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Kaya Gaudet | Fulcrum Contributor

The problem

There’s a reason you’re afraid of monsters under your bed: As soon as you fall asleep, you’re a sitting duck. There may only be a small chance there’s someone lurking in your room, but if there were, you would have no way of protecting yourself. In fact, you may not even wake up in time to see it happen. Every night you fall asleep and rely completely on your subconscious to save you from danger.

The researcher

Dr. Kenneth Campbell researches the part of the brain that’s supposed to be processing when you’re not paying attention or are unconscious. From his undergrad to his PhD, Campbell was educated at the University of Ottawa. Now he teaches full time at the U of O and has been doing psychological research for over 30 years.

The project

So how can you tell if you’ll wake up when a fire alarm goes off at night or a ghost is rattling around in the attic? Campbell is trying to find the answer. He performs various experiments on people both asleep and under general anesthesia. The subject’s brain is monitored for activity while varying levels of sounds are made. Campbell scans the brain for a response to the sounds and then observes the physical reaction to three different types of noise: looming (getting louder), retreating (getting softer), and constant.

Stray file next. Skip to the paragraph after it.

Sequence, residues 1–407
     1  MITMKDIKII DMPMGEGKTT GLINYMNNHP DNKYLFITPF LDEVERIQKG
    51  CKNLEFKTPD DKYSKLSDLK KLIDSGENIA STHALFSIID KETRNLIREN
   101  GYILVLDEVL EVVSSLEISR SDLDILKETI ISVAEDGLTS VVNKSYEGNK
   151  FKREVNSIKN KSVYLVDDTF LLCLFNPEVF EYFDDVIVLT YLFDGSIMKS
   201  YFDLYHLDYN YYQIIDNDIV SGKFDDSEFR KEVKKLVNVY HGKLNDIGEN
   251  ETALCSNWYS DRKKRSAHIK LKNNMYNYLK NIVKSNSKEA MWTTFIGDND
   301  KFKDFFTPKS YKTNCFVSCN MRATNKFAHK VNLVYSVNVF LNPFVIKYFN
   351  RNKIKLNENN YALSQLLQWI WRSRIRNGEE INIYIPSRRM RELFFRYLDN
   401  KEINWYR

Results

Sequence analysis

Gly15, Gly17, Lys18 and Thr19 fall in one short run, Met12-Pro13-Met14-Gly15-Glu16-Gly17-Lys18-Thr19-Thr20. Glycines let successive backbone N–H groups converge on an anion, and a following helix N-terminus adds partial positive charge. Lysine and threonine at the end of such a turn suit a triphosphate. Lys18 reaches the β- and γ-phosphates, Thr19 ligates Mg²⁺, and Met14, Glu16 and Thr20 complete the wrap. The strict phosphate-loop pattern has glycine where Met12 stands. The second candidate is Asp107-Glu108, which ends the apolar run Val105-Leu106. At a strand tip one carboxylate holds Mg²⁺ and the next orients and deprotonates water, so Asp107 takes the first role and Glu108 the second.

The key

Campbell’s studies have shown that during the first few hours of sleep, although your brain is still hearing and processing the sounds around you, you won’t be woken up unless you hear a loud persistent sound like a fire alarm. This makes the first part of your sleep the most dangerous and vulnerable.

Later in the night, you’re more likely to give attention to looming sounds than to retreating sounds. This isn’t surprising, considering that our great, great, great ancestors were in constant fear of being devoured by lions. Nowadays all we have to worry about are boogie monsters and axe murderers hiding under our beds. Let’s just hope they make some loud noises announcing they’re about to attack, otherwise our brains may not feel threatened enough to wake us up.

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